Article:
Michael Tucker, president of the Center for Economic Growth, was arrested Friday night after he was allegedly found drunk in his car in the parking lot of Stuyvesant Plaza.
Guilderland police charged Tucker, 58, with aggravated driving while intoxicated and first offense operating a motor vehicle while intoxicated. His attorney, E. Stewart Jones, maintains that Tucker had been in his car only to charge his cellphone.
According to an arrest report, Officer Joseph Toroski was on routine patrol when he was notified of two intoxicated motorists sitting inside their vehicles at Stuyvesant Plaza. Tucker was found sitting in a parked 2008 Audi, which had keys in the ignition and a running motor.
During an interview, he gave the appearance of having glassy, watery eyes, impaired speech, impaired motor coordination and an odor of alcohol on his breath, according to the report.
The report says he stepped out of his vehicle before being asked and then performed and failed several sobriety tests, including an alphabet test.
Jones said Tucker was dining out at Creo, located in the plaza, when he needed to make a call but realized his cellphone was dead. He went out to his car and turned it on in order to charge his phone, he said.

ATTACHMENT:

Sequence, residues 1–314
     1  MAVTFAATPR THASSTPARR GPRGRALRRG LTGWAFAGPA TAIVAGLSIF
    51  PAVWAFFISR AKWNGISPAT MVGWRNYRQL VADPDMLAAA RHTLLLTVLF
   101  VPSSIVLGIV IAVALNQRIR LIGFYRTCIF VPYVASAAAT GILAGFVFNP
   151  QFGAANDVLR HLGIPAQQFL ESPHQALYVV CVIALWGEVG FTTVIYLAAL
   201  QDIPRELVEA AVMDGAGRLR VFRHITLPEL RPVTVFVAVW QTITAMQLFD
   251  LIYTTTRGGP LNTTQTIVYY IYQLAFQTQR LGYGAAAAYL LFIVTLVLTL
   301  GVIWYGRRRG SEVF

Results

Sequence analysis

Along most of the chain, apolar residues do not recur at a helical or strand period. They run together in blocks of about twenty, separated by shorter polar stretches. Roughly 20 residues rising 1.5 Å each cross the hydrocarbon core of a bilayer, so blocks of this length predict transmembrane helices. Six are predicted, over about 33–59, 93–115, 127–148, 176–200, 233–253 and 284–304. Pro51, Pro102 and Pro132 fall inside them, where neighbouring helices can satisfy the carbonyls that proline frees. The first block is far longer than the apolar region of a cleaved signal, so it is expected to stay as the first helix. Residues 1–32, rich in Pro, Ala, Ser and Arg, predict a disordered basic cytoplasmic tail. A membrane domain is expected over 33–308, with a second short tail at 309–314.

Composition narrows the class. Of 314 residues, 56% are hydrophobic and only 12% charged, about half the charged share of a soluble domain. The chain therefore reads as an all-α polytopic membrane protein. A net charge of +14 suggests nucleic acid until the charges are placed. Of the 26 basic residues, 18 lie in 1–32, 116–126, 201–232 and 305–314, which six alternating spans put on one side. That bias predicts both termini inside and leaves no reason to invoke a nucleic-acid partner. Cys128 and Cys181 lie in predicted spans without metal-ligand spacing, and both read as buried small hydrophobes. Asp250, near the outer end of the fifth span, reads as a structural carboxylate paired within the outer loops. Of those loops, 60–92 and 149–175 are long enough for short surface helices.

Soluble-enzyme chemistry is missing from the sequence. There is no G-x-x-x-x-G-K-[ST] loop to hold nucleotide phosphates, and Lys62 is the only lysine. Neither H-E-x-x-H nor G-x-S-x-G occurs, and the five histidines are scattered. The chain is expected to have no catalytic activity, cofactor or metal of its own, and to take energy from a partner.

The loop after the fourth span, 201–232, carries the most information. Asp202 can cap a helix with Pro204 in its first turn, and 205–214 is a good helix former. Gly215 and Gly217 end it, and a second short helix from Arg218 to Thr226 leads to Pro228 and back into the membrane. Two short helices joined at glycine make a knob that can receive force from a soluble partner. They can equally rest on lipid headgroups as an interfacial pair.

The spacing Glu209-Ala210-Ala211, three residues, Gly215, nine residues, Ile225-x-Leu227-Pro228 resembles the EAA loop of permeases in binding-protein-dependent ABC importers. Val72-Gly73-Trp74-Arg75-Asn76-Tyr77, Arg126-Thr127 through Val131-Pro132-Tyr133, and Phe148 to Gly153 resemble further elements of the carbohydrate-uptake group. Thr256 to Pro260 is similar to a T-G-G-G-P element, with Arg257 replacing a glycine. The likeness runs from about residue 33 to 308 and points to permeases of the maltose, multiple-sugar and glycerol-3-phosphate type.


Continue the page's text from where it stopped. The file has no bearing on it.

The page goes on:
“The car was on, but the car was not moving,” said Jones. “But having said that, it’s Michael’s intention to work with the legal system to resolve this fairly and reasonably and to accept the consequences of his conduct. The car was not moving, so no harm, no foul. There was no action, no injury and no one was placed in harm’s way.”
Tucker was taken into custody at Guilderland police headquarters, where he was given a chemical breath test that revealed a blood alcohol content of 0.20 percent. He was processed and released on his own recognizance to appear May 16 in Town Court.
As CEG president, Tucker has a prominent and visible role in Capital Region politics and development. The Albany-based center works as a nonprofit organization to attract and secure business and technology investment throughout an 11-county region.
It is unclear what, if any, action the CEG board will take given Friday’s incident. Request for comment Tuesday was not immediately returned. Jones said he hopes the board would look at Tucker’s “otherwise extraordinary life and dedicated service to the community” when contemplating any action.
“He’s an exceptional human being and this is simply out of character for him,” he added. “But you live with the consequences and choices that you make, and he understands that.”